Prevention of Occupational Exposure to Pesticide Drift

Pesticide drift is a long-standing issue in the Pacific Northwest, especially for the tree fruit industry and workforce. This project aims to understand the mechanisms of pesticide drift exposure among agricultural workers and prevent such exposures in the future. To accomplish this, we are working with the Washington State Department of Health and Washington State University (WSU) AgWeatherNet to determine the probability of drift events due to environmental conditions during spraying, develop a predictive model, and conduct field studies to validate our model. Our drift determinant model will assist orchardists in assessing risks for certain weather forecasts.

To date, the findings demonstrate a limited ability to predict drift in orchard settings, but we will continue to explore the relationship between wind and speed direction and drift events using field data collected. Nine field trials were completed in collaboration with WSU and a manuscript is currently in-preparation to report these findings and compare results with our WSU colleagues. A promising direction is to use higher time resolution from historical weather data (at network weather and on-site low-cost weather stations) to improve understanding of drift-prone weather conditions. We anticipate the incorporation of a novel metric known as wind ramping—or the magnitude, duration, and intensity of wind changes—into decision making around pesticide application. We are also currently integrating our study findings into WSDA courses "WPS - Train the Trainer", "Alternative Sprayers - New Technology", and "Sprayer Application Equipment & Best Management Practices."

Principal Investigators: Richard Fenske, Ph.D., MPH and Edward Kasner, Ph.D., MPH
Professor, Environmental and Occupational Health Sciences
University of Washington

NIOSH 2016-2021

Partners and Advisories
Washington State Department of Health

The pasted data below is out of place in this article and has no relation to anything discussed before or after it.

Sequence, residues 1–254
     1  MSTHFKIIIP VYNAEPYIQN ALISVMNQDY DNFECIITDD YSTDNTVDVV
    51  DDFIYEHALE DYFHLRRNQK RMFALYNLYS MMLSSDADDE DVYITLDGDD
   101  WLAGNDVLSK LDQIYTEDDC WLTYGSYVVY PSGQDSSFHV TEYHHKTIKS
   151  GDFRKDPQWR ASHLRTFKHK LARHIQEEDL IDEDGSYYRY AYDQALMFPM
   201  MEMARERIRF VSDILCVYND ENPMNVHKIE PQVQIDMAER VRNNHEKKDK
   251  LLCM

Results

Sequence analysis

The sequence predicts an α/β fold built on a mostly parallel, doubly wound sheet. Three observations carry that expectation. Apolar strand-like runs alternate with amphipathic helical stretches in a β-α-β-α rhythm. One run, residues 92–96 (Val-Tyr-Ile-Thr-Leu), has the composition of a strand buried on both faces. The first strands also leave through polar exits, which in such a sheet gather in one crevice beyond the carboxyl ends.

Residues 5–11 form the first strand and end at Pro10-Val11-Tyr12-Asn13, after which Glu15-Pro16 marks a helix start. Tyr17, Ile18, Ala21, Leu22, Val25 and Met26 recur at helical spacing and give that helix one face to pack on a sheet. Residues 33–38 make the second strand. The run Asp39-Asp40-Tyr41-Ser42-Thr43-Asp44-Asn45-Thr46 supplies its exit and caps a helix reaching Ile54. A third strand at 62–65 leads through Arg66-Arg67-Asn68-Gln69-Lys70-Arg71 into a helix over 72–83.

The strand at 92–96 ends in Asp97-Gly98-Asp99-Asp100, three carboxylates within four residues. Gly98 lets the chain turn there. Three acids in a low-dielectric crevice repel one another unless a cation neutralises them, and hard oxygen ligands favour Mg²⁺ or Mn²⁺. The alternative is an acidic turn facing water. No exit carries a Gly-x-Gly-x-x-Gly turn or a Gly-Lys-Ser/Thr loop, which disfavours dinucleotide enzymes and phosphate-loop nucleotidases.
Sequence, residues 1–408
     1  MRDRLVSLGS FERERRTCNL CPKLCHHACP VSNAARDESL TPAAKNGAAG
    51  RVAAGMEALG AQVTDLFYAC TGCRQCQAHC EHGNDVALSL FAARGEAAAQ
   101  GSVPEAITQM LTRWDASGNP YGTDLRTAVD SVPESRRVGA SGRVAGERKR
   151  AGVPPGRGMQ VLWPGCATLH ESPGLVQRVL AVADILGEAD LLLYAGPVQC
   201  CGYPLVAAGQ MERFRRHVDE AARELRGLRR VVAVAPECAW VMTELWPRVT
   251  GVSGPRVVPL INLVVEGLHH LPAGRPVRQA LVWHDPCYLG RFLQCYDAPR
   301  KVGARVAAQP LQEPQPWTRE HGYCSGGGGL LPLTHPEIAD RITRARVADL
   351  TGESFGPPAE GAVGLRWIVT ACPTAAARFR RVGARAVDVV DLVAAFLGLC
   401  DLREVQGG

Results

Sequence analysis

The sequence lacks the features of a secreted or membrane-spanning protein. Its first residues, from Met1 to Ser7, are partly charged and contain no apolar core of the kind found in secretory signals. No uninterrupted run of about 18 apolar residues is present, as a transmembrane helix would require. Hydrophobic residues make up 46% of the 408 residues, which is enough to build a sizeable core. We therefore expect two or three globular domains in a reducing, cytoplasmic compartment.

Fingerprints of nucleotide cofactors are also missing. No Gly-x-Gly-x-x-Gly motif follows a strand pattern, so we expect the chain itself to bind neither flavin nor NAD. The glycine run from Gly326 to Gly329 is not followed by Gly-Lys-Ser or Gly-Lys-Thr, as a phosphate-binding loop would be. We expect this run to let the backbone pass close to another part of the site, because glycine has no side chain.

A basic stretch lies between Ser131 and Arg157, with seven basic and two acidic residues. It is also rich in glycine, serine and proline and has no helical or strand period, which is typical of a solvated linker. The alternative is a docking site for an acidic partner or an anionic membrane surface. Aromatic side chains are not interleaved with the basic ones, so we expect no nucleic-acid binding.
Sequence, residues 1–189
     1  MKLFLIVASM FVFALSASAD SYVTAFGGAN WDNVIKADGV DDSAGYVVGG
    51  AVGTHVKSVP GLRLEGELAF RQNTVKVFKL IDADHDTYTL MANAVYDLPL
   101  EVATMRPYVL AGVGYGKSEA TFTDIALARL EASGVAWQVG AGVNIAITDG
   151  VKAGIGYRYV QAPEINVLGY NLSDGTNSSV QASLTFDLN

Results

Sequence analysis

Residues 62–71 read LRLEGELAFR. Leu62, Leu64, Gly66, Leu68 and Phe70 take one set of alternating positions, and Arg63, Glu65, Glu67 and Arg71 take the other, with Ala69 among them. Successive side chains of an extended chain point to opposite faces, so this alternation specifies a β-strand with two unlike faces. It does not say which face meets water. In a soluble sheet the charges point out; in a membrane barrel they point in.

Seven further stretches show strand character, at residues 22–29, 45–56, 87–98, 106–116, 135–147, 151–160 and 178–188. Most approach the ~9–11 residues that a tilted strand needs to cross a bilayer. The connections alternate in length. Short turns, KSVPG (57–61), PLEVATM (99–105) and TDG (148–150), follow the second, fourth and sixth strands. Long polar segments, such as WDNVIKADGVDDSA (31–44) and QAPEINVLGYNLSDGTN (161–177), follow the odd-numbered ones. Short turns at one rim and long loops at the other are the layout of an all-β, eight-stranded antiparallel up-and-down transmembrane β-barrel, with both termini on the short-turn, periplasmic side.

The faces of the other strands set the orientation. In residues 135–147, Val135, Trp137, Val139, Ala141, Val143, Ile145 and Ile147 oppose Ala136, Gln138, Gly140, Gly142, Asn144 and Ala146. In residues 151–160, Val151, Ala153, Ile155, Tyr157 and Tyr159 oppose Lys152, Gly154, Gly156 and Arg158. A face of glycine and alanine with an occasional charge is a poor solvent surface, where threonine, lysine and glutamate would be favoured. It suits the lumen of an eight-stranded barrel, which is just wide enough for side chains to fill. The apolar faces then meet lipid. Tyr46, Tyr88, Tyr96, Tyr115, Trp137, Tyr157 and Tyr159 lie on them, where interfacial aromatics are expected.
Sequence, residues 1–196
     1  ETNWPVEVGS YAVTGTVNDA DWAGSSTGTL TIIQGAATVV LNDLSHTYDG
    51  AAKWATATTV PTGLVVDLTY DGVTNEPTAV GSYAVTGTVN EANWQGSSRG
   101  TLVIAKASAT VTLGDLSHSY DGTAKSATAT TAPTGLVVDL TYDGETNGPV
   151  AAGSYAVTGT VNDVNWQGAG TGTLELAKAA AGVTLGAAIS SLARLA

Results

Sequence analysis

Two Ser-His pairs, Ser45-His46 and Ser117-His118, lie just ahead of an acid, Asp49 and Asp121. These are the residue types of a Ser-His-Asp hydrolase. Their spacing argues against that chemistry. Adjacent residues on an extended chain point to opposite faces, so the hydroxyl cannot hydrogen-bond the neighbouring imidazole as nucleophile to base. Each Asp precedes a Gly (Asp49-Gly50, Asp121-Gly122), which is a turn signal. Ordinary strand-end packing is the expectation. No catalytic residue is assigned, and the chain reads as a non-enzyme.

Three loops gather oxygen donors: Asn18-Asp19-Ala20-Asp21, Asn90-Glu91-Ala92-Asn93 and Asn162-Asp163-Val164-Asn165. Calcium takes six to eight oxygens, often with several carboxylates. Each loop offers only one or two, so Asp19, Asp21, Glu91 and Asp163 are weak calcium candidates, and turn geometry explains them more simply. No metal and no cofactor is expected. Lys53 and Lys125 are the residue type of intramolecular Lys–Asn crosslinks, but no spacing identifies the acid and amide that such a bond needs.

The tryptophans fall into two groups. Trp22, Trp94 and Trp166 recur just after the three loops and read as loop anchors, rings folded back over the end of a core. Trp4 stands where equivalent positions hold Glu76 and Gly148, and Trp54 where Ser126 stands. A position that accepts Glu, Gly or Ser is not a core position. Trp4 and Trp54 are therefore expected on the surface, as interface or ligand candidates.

Washington State University, AgWeatherNet Program

Products

Kasner E. J., Fenske R. A., Hoheisel G. A., Galvin K, Blanco M. N., Seto E. Y. W., Yost M. G. Spray Drift from Three Airblast Sprayer Technologies in a Modern Orchard Work Environment. Annals of Work Exposures and Health. 2020;64(1) 25-37. 

Blanco M. N., Fenske R. A., Kasner E. J., Yost M. G., Seto E., Austin E. Real-Time Monitoring of Spray Drift from Three Different Orchard Sprayers. Chemosphere. 2019;222(1) 46-55.

Kasner E. J., Fenske R. A., Hoheisel G. A., Galvin K, Blanco M. N., Seto E. Y. W., Yost M. G. Spray Drift from a Conventional Axial Fan Airblast Sprayer in a Modern Orchard Work Environment. Annals of Work Exposures and Health. 2018;62(9) 1134-1146.

Prado J. B., Mulay P. R., Kasner E. J., Bojes H. K., Calvert G. M. Acute Pesticide-Related Illness Among Farmworkers: Barriers to Reporting to Public Health Authorities. J of Agromedicine. 2017;22(4) 395-405. 

Kasner E. J., Fenske R. A, Galvin K., Yost M., Palmández P. Review of Agricultural Spray Notification Systems. 2016 Technical Report. Pacific Northwest Agricultural Safety and Health Center, University of Washington. 

Other Projects

Reducing Agricultural Worker Risk through New and Emerging Technologies

Notification of Pesticide Applications to Minimize Workplace Exposures